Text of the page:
Around 32.2 percent of mobile devices running Android currently have version 6.0 Marshmallow installed, according to the Android Developers Blog. By comparison, Android version 7.0/7.1 Nougat—released in August 2016—only has a distribution rate of 15.8 percent, while version 8.0 Oreo hasn't even hit 0.1 percent of devices two months after launch. When you take into account that Google released Lollipop three years ago and it is still installed on 28.8 percent of devices, then it becomes clear that device management and data destruction should be a priority within the workplace.
Shredding Prevents Smartphone Resurrection
The question is, what is the best way to ensure discarded mobile devices are not an open invitation for somebody to steal data?
A recent report by the U.S. Environmental Protection Agency, cited by The Dalton Daily Citizen, said that Americans get rid of millions of cell phones every year, many of which end up as just electronic waste in landfills across the country.
If that is indeed the case, then a device owner –whether that be a company or an individual—has to be make certain that any sensitive data is wiped from a smartphone when it becomes technically obsolete. That is easier said than done, especially when you take into account company-issued smartphones and the aforementioned popularity of BYOD programs.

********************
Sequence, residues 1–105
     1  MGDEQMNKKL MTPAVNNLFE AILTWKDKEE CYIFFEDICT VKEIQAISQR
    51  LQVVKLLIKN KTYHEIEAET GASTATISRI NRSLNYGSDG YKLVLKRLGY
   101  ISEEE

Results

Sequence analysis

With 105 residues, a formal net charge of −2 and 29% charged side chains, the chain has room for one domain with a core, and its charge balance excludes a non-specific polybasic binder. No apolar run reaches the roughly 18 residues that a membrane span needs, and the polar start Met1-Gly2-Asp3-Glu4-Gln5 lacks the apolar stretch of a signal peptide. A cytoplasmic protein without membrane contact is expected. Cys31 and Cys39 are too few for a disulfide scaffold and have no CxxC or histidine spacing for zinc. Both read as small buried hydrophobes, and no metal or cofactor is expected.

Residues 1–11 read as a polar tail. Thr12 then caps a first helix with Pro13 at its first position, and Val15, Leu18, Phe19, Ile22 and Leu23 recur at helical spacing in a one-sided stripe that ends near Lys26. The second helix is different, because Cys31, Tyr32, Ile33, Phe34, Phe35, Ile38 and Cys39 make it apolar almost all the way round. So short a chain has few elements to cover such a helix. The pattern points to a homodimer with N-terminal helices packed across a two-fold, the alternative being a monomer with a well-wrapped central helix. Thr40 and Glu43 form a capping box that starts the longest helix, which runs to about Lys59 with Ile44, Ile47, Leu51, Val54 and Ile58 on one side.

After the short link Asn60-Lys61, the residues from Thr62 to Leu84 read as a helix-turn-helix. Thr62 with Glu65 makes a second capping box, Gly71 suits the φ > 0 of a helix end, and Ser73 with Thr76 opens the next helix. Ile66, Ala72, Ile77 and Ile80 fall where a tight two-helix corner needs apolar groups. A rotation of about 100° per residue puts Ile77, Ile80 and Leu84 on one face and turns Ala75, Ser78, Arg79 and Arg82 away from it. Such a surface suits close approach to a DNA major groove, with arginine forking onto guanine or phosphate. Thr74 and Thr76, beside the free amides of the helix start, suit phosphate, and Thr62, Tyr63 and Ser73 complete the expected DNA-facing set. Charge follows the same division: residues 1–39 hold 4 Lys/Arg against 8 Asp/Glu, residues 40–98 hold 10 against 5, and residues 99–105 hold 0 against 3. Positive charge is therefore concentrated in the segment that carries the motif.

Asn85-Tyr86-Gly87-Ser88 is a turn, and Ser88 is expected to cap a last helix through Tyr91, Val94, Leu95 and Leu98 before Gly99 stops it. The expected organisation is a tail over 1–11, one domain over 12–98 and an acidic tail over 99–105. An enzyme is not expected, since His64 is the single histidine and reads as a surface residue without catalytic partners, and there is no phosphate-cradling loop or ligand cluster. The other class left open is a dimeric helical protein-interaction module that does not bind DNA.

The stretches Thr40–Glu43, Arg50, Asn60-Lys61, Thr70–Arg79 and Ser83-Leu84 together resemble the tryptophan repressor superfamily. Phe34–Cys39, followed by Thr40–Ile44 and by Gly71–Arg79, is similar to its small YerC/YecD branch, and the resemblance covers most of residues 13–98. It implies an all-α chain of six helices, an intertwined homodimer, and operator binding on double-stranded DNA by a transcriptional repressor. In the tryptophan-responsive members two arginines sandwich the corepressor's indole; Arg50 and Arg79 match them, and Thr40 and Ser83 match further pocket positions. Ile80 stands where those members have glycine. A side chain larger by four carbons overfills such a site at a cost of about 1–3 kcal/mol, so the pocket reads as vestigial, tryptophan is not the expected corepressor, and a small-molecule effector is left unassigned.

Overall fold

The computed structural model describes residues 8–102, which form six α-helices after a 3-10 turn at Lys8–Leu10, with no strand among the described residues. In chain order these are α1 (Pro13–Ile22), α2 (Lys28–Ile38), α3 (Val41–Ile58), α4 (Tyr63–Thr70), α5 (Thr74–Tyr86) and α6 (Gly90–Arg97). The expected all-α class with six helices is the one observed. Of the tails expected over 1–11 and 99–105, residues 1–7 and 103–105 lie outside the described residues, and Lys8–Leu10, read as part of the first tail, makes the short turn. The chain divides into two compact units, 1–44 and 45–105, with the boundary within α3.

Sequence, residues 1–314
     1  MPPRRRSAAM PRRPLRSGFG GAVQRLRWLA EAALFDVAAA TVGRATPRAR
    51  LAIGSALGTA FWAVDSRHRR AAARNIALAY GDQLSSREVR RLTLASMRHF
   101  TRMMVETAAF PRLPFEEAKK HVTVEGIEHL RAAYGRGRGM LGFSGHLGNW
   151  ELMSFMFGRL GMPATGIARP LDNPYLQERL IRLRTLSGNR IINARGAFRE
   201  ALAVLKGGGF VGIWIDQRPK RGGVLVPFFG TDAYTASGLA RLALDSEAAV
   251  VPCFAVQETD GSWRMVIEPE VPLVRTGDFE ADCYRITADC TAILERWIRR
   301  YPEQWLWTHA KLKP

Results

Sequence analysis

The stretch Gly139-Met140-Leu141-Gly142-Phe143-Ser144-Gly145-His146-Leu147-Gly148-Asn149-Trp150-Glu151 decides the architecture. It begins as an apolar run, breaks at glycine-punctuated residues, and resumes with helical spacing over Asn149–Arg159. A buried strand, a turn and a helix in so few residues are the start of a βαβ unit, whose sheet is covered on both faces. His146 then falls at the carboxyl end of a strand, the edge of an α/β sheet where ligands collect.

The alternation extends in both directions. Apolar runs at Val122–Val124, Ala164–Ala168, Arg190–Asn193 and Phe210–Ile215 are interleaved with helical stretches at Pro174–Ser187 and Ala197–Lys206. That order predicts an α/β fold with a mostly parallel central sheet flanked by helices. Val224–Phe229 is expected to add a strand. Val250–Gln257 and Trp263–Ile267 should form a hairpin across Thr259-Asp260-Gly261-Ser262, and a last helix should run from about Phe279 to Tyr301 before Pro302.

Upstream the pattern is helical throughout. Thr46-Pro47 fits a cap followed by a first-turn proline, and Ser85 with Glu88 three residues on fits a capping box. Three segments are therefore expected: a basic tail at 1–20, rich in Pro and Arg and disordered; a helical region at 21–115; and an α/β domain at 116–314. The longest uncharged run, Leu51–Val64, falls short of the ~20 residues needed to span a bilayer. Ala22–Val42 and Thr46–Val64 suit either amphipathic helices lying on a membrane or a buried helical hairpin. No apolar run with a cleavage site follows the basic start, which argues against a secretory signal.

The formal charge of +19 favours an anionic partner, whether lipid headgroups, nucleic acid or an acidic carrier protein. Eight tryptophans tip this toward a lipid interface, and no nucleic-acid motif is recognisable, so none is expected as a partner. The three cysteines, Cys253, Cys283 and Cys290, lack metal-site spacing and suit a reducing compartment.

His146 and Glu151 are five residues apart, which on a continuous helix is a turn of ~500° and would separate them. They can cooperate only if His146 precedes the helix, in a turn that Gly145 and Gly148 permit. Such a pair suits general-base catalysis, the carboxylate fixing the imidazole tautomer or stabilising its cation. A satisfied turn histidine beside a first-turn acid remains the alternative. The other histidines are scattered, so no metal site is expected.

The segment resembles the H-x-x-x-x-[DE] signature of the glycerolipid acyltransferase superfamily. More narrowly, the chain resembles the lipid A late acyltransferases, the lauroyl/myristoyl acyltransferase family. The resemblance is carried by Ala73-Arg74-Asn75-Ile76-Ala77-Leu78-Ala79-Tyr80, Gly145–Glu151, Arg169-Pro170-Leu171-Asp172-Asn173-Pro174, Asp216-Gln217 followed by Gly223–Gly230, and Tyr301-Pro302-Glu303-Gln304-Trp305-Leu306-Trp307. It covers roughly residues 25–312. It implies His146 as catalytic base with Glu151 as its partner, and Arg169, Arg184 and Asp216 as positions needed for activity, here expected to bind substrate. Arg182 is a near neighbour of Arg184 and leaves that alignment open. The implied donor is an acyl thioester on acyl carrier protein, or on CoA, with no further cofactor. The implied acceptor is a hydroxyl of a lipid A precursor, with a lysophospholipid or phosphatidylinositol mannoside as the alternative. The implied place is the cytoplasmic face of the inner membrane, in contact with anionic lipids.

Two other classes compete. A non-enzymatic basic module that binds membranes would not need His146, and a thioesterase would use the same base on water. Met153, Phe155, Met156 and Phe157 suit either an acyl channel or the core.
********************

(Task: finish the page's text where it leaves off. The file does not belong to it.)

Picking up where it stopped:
In addition, people who no longer want their smartphone may be tempted to cash in the device, thanks to an ever-increasing number of third parties who are willing to "recycle" the smartphone for the greater good. Smartphone recycling has become extremely popular, even more so if you can get some return on your original mobile investment. Again, the onus is on the device owner to not only clear the smartphone of data but also make sure that the electronic recycling program chosen is reputable.
The simple truth is that the best way to make certain that a smartphone is not going to come back and haunt you is to put it through a solid state drive shredder. Unlike hard drives, which need to undergo a technique known as degaussing to erase data, a device with flash storage can be shredded to ensure data security. A Proton Data Security shredder also complies with a plethora of established security rules and guidelines for sanitizing electronic media devices.
Total physical destruction may seem to be overkill, especially when then is a demonstrated need for decommissioned devices in developing nations, but it does make certain that the bits of a flash storage drive that contain (potentially) sensitive company-centric data won't be resurrected. With that in mind, a media shredder is the perfect tool to provide companies with the peace of mind that data remains secure … until the next generation of smartphones make the previous ones obsolete, naturally.